PRINCE GEORGE – Jenny was in tears. As the executive director of her organization, she was at her wit’s end and said she was ready to quit.
She confided in me that one of the directors was going directly to one of her staff members, telling him he would be fired unless he complied with the director’s request, which contravened the organization’s policies.
What was she to do?
Unfortunately, Jenny’s situation is all too common in non-profit and charity organizations where the chief executive officer (CEO) or executive director (ED), as they are often called, reports to a board of directors. While these boards are usually composed of volunteers, at organizational meetings, these volunteers are sometimes very passionate and don’t understand the function of a board of directors or their roles and responsibilities.
The role of a board of directors is to give the ED direction concerning the goals of the organization. The job of the executive director is then to ensure that the vision of the board is carried out in the operations of the organization.
Rarely should board members be tasked with helping in the day-to-day operations, although in some very small organizations this is sometimes the case when funding for adequate staff isn’t available.
Most boards are comprised of a chair or president, a vice-president, a secretary, a treasurer, and three or more other board members. A quorum is the minimum number of board members required at a meeting to make a decision. Decisions are made at meetings that are held at a time determined by the constitution of the board or as the need arises.
Many boards hold monthly or quarterly meetings to get updates from the ED on the progress of the organization, and to give feedback and direction to the ED. Boards usually follow a set agenda that covers the important aspects of that organization.
Sometimes there are committee reports on important aspects of the business that require additional work by board members on these committees.
Often, board members haven’t been informed of the requirements of their positions and, as a result, don’t understand their responsibilities. They think their position on the board gives them extra power in the organization and privileges not afforded to others. When this happens, the situation can go sideways fairly quickly.
Here are some examples that have been brought to my attention in the past few years.
- Board member uses his position to demand access to personnel files because he’s interested in dating a staff member.
- Director of a non-profit uses his access to bank accounts to help himself to the organization’s money.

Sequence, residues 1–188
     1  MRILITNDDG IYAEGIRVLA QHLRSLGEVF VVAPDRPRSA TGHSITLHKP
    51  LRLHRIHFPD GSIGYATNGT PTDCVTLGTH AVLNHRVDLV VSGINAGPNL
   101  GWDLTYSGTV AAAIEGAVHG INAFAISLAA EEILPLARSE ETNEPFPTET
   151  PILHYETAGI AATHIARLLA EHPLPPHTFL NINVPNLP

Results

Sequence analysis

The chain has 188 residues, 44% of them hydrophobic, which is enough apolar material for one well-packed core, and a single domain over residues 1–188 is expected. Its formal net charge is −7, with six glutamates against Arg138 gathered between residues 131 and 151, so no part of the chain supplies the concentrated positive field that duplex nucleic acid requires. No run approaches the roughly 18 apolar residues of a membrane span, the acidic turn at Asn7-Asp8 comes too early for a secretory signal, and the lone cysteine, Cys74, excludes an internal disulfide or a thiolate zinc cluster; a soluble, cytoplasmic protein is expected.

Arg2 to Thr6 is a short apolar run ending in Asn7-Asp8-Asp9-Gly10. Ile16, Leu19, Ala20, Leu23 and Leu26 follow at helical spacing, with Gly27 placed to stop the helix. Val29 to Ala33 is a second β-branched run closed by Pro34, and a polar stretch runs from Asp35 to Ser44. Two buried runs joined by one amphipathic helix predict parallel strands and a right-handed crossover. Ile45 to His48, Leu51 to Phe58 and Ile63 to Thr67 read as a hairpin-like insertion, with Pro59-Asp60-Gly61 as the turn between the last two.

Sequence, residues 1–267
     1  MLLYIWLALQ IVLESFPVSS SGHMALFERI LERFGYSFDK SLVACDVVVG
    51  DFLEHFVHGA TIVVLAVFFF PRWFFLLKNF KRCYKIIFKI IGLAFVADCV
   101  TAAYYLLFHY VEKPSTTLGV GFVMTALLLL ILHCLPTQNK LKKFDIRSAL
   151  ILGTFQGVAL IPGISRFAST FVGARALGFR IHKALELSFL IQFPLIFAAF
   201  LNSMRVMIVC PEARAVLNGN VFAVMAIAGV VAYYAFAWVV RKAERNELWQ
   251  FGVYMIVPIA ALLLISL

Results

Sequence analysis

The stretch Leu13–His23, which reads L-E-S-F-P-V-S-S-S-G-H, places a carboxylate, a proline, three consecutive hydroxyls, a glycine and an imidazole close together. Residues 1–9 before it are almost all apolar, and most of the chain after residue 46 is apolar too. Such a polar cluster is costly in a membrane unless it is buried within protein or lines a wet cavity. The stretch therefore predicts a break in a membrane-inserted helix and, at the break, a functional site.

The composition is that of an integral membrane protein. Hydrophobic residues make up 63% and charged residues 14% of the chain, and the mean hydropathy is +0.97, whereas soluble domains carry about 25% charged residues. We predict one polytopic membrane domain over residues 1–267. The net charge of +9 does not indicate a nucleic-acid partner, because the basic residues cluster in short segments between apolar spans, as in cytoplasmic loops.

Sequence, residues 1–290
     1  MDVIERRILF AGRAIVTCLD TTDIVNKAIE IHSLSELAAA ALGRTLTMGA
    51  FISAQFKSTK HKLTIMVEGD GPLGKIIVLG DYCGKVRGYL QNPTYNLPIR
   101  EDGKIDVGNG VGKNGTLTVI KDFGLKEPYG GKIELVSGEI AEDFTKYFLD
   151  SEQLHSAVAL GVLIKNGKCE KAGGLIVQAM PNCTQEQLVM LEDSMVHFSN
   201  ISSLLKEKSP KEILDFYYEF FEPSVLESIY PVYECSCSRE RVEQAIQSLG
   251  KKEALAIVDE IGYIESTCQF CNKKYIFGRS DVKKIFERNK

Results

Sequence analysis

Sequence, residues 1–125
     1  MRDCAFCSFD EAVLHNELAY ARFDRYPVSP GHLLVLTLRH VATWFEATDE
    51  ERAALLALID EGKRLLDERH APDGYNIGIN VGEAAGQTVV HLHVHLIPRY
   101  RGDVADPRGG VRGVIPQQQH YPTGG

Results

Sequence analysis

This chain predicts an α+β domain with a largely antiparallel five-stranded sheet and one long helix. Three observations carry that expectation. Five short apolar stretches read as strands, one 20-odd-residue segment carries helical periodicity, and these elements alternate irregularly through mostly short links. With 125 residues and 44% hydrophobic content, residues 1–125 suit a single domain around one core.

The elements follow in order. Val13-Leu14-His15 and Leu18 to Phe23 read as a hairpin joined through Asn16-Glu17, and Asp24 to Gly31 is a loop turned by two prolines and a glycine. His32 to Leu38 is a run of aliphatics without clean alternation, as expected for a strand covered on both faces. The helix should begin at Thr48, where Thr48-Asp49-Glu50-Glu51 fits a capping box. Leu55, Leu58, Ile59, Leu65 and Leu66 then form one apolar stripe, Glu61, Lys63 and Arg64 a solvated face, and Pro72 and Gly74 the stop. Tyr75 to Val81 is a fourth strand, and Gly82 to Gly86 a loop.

- Chair of the board decides he can direct staff members in how they should do their jobs.
- Board member shows up at the organization to ‘help’ but starts interfering in employees’ job descriptions.
- Board members don’t come to meetings but decide they don’t like a decision that was made by the board and harass the ED about it.
- Board members don’t come prepared for a board meeting and try to hijack the agenda.
What should happen when we have a board member who goes rogue and takes things into his own hands?
Here are four things you can do if you’re involved in an organization where a board member is out of line:
Ask the president, after explaining the situation, to deal with the board member.
More often than not the president is the greatest ally an ED can have. However, the lines of communication need to be clear and regular in order for the executive director to express their needs and deal with situations that are exacerbated by out-of-line board members.
It’s the president’s job to ensure that board members follow the rules and give the ED the freedom to do their job.
Ensure that all board members are clear about their roles and responsibilities, and the limits and scope of those roles.
This should happen whenever a new board member joins the board but could also be included as a regular agenda item to ensure clarity for board members.
When board members overstep their roles, there needs to be a process for dealing with the offence.
Find ways to engage the board and apprise them of the organization’s needs, with the understanding that their role is to give advice, not to do the work.
Disengaged board members are a problem for boards, especially when they don’t show up or are actively pursuing other interests at board meetings.
Enacting policies that remove board members who don’t show up for meetings can be effective in some cases to provide avenues for more committed board members to join.
In cases where there is criminality at play, executive directors and their boards need to reach out to police for support.
There’s no shame in getting help when you need it to deal with board members or staff members who have gone outside the law in their quest for power, money or something else.
Dealing with a difficult board member can be very stressful for leaders trying to manage an organization, as well as for the board as whole board.
The quicker leaders come up with a plan to get rogue board members back in line, the more effective the organization will be in achieving its goals.
Well-functioning boards can be a blessing to leaders of non-profits and charities. However, dysfunction is often more common when it comes to boards of directors.
By David Fuller
Dave Fuller, MBA, is an award winning business coach and a partner in the firm Pivotleader Inc.